Recycling on the brink

Cardboard is sorted into the bin by volunteer Lois Peterson at the Grangeville recycling site off Day Road, during an April 6 collection day.

Should local government run the local recycling program?

If the local government doesn’t, in the foreseeable future, perhaps nobody will.

The volunteer program that has served the county for a decade has become untenable for the recyclers and change may come quickly: At 11 a.m. June 1 in Cottonwood, nine-and-a-half-year volunteer recycler Jay Hinterlong will close up the site for the last time, having been unable to find a volunteer willing to step up to the job. Many long-timers are also bowing out that day, and some will stay on until July 1, Hinterlong told the Free Press May 20, having given the Idaho County Commission notice on May 14.

“[Idaho County Recycling] no longer wishes to manage the sites on a volunteer basis, and we are ready to work with the county commissioners and Simmons to transition the management of the recycling program over to Idaho County,” the recyclers wrote and presented to the commissioners May 14.

“It was always with the idea the county would take it over,” Hinterlong told the Free Press, “and it never cost the county a penny.”

But the county ought not continue the recycling system in the form it now exists, Idaho County Commission chairman Skip Brandt told the Free Press Monday, May 20.

“The concept of the county taking over the existing system, as developed, is not realistic,” he said, “because it would have such an expense on it. [ICR president] Janie Fluharty noted there was a savings to the county, and there was, but at the cost of a whole lot of volunteers. If the county looks at hiring 40 people to fill those slots and pay them $15 an hour, then there is a huge cost. My whole focus is to stay cost-neutral. We don’t want to raise the cost to the citizenry.”

Recycling on the brink

A bin full of tin and aluminum cans, collected at the Grangeville recycling site on April 6.

Brandt told the Free Press recycling could be continued cost-neutrally in partnership with solid waste service provider Simmons Sanitation – if land can be found for development of manned drop-off sites near Grangeville, Cottonwood and Kooskia.

“The board ought to work it in with the drop-off points that we’re trying to get going with Simmons, if we can find any land,” Brandt said. “Kooskia City Council is on board with a location down here, but it’s a different mindset in Kooskia. … Down here we say ‘Let’s make it work.’ And in up there it’s ‘No, no, not in my back yard, put it somewhere else.’”

Before a 2008 market price tumble stopped recycling at Walco’s Camas Prairie Recycling Center, recycling was profitable private business in Grangeville. In 2009, a volunteer effort began under the Idaho County Commission’s stipulation that those efforts be cost-neutral to the county.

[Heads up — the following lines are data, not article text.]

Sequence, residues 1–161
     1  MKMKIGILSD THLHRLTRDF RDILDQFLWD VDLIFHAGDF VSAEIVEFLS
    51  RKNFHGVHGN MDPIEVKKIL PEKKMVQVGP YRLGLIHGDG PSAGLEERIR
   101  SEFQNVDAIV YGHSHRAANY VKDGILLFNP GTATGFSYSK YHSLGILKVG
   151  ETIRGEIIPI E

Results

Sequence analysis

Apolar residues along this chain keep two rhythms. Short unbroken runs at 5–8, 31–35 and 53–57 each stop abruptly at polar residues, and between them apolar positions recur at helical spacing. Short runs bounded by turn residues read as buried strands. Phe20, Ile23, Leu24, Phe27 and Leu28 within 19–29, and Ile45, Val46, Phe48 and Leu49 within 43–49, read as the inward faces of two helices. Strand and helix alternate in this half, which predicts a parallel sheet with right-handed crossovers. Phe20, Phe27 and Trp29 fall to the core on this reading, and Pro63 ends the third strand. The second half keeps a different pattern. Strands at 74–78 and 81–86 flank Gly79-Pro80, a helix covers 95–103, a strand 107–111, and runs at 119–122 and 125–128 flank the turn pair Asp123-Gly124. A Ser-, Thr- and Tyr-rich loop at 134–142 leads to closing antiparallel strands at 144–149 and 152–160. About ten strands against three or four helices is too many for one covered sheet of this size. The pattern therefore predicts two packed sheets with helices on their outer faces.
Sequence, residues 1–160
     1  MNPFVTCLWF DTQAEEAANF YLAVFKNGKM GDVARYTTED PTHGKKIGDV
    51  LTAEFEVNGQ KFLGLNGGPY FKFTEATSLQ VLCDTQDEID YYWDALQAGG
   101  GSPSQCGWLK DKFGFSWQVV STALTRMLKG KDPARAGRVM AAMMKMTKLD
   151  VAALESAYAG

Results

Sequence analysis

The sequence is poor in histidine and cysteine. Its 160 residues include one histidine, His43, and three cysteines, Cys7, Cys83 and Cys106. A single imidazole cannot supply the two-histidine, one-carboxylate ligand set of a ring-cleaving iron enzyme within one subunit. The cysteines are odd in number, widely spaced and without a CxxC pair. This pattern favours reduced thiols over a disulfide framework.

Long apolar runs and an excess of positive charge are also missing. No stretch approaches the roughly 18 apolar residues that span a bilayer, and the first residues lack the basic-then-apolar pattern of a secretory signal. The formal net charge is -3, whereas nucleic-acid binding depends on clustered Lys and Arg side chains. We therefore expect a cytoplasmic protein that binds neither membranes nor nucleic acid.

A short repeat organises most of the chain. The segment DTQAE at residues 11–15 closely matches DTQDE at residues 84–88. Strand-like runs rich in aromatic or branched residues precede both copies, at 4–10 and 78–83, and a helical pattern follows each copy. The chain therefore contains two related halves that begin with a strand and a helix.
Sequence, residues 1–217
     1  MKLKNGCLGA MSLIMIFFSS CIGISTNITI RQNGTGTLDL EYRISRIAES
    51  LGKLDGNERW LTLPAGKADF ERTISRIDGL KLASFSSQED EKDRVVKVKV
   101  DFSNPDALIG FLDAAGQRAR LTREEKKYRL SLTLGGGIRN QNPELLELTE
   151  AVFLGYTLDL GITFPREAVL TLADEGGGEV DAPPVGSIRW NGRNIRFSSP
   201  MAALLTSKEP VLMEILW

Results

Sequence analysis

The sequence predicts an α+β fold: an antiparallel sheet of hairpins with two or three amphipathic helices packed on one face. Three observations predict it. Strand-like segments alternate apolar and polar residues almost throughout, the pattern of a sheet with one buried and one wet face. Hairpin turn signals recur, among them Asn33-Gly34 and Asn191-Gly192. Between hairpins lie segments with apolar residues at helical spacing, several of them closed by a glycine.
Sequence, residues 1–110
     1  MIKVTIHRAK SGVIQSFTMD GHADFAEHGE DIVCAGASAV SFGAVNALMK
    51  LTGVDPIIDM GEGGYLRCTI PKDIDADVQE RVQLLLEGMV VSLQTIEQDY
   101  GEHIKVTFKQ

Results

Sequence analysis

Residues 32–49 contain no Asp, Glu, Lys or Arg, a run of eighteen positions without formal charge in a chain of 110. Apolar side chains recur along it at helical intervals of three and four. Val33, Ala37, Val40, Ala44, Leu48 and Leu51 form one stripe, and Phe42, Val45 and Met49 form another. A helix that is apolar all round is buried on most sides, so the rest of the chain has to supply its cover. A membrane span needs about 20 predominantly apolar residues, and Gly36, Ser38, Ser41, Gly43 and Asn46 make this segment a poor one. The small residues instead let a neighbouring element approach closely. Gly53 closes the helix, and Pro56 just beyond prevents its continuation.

During their first year, the Idaho County Recycling (ICR) volunteers reportedly diverted 180 tons of recyclables away from landfilling and out to market, and had established regular collection in Grangeville, Cottonwood, Kooskia and Riggins by 2012-13. The recyclers have continued to sell significant quantities of local discards to LCRI of Lewiston: 323 tons of recyclables in 2017 and 309 tons in 2018, for more than $17,000 and more than $12,000 those years, they told the county commission May 14.

The recyclables market soured again last year, dumping the volunteers’ net proceeds from a $2,700 gain for 2017 to a $657 loss for 2018. The market hasn’t improved; on May 14, the recyclers told the commission the program has “lost money the last few months.”

“It is common knowledge that recycling is in a slump – primarily due to the collapse of Asian markets and the misguided trend of single stream recycling,” the recyclers said in a written presentation. “However, ICR has weathered this decline based on its policy of accepting clean and separated commodities which generate monthly income.”

Such was the dollars-and-cents case the recyclers presented: Why should the recycling program continue if hauling and selling recyclables loses money during market downturns? Because the net from the sale of recyclables is not the only benefit – nor even the most valuable benefit from the service the recyclers have provided.

When computed as diverting 300-plus tons that otherwise would have been landfilled as excess tonnage, the recyclers estimate their program has saved the county about $25,000 each of the last two years. (Find analysis of the excess tonnage cost in the March 6 Free Press report “Simmons reports big growth in countywide solid waste collection.”) Computing the savings not as excess tonnage but as base tonnage at the base rate implied by the county’s overall spending on solid waste service, the recyclers told the commissioners their effort saved the county about $70,000 each of the past two years.

“In 2009, it was easy enough to understand the board of commissioners’ reluctance to invest in a hazy recycling idea so ICR agreed that the new program would be cost-neutral to the county,” the recyclers wrote. “In 2019, we realize that the continuation of that provision makes zero sense. We are a proven county entity that successfully deals with the business of a known and measurable quantity of ‘trash.’ … ICR has reduced the amount of money that the county pays for waste disposal in a landfill. That is better than cost-neutral.”

The group listed a total of about $45,000 in assets such as a compactor, containers and sheds, in addition to about $12,000 in the bank. Subtracting $3,800 owed on the compactor, ICR has built up about $54,000 during its 10 years of operation.

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